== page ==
The ambitious Big Blue --- Interview with Leonora Hoicka, associate general counsel of IBM

Emily Tan, China IP Magazine,[Comprehensive Reports]

On October 16th, 2012, IBM announced a third-quarter 2012 diluted earnings of 3.33 U.S. dollars per share, a year-to-year increase of 4%, or 3.44 U.S. dollars per share, up 8% excluding the impact of the UK pension-related charges. Operating (non-GAAP) diluted earnings were 3.62 U.S. dollars per share, compared with operating diluted earnings of 3.28 U.S. dollars per share in the third quarter of 2011, an increase of 10%.
“In the second quarter, we delivered strong profits, earnings per share and free cash flow growth. This performance reflects continued strength in our growth initiatives and investments in higher value opportunities. These are fundamental elements to our long-term business model,” said Virginia Rometty, IBM president and chief executive officer. The numbers were definitely related to ambitious serial acquisitions.
The Long-term scheme
As early as 2005, IBM acquired the data integration provider Ascential Software Corp., which strengthened its ability in providing better data integration, structuring and management service. The data integration department is one of the data management departments with great significance, and the acquisition expands IBM’s open information integration platform.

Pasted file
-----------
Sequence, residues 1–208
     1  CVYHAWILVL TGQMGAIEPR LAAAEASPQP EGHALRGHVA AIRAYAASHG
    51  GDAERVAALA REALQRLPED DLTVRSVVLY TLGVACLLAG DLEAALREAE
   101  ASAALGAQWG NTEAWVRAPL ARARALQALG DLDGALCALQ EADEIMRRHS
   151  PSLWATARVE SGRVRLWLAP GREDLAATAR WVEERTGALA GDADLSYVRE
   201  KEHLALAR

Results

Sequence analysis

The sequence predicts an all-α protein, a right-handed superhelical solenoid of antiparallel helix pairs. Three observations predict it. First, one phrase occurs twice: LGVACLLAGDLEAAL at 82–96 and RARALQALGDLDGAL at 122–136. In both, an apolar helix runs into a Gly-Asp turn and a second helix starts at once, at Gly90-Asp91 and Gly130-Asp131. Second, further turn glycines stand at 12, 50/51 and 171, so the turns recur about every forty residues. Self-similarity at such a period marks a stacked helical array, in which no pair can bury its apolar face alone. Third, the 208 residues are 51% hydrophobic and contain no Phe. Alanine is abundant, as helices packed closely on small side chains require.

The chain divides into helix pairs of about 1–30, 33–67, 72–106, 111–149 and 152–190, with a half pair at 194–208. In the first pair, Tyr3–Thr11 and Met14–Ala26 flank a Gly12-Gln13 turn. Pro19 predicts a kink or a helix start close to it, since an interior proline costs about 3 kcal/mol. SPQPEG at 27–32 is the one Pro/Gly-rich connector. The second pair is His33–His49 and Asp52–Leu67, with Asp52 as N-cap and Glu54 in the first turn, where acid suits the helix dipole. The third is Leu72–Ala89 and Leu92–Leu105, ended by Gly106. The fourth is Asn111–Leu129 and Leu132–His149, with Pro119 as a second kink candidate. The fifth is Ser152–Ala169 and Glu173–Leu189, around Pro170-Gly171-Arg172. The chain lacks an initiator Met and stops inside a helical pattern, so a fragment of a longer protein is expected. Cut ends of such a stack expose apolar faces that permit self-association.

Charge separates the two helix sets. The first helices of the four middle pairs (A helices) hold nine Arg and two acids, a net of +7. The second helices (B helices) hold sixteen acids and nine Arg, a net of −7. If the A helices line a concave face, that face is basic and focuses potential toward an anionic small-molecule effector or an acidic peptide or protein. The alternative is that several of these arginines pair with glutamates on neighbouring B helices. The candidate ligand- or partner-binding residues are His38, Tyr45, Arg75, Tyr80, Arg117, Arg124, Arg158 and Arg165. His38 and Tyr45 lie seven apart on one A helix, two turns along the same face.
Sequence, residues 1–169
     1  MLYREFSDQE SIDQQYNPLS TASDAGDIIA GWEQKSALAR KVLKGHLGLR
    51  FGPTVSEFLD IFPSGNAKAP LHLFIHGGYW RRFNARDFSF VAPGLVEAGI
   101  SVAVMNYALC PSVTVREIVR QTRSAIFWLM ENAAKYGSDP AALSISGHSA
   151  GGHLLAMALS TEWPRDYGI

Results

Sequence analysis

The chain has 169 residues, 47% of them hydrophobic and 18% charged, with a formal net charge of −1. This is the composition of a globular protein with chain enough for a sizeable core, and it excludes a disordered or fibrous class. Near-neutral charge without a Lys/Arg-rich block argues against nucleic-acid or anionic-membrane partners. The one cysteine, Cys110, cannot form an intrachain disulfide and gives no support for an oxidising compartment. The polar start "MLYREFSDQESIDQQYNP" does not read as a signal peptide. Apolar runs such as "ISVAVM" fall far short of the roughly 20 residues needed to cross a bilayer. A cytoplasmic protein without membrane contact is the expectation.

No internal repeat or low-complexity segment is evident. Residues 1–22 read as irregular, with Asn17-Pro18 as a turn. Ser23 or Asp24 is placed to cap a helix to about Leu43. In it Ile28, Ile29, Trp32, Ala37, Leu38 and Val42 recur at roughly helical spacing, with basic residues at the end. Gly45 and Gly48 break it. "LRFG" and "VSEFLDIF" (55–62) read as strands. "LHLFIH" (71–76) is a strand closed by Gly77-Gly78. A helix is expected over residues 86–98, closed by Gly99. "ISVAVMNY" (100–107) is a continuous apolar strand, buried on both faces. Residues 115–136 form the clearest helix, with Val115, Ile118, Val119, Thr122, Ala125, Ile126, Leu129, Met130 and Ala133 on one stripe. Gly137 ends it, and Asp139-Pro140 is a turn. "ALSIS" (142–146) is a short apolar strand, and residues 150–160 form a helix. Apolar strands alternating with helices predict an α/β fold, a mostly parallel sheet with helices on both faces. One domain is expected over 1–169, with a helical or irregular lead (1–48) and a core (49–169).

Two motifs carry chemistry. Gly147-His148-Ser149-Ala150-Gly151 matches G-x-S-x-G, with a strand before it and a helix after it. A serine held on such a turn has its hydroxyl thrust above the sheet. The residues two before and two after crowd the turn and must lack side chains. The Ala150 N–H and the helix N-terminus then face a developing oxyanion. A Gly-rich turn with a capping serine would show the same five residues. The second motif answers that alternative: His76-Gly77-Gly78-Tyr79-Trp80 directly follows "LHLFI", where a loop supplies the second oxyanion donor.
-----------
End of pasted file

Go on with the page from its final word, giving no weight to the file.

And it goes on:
In 2007, IBM acquired Cognos Inc. for about 5 billion U.S. dollars, which revealed its strategic transformation. Cognos was an Ottawa Ontario-based company producing business intelligence (BI) and performance management (PM) software. BI and PM software are used to collect data, which help companies and organizations making better marketing strategies, thereby improving working and management efficiency.
September 2010 witnessed IBM’s busiest acquisition period. In one short month, IBM acquired the data warehouse appliance company Netezza, the internet technology company Blade, as well as the software provider OpenPages.
Last year, in order to upgrade its risk analysis ability and provide better financial services, IBM spent 387 million U.S. dollars to buy Algorithmics — a leading provider of risk solutions. The company strengthens enterprises’ analytic ability, helps financial organizations making riskaware business decisions and in turn benefits IBM in the long term. IBM’s 2012 financial report proved that its former serial acquisitions had already begun harvesting. The 2012 System z User Conference was held in Boao on October 26th and a new product was introduced. It is well known that all of the top 25 world banks run their businesses on System z mainframes. 71% of the global Fortune 500 companies are System z clients and 9 out of the top 10 global life and health insurance providers process their high-volume transactions on IBM mainframe. Over 80% of the world’s corporate and government data resides on IBM mainframes. The results of the second quarter earnings indicate that IBM’s mainframe server products earnings increased an average of 11%, though figures in Greater China exceeded 50%. These statistics indicate that an increasing number of enterprises are relying on servers which can provide high capacity and hybrid computing as well as high security and large-scale cloud computing. These are the sorts of challenges that these enterprises are facing and consequently IBM invested generously on computing research and development to meet those needs.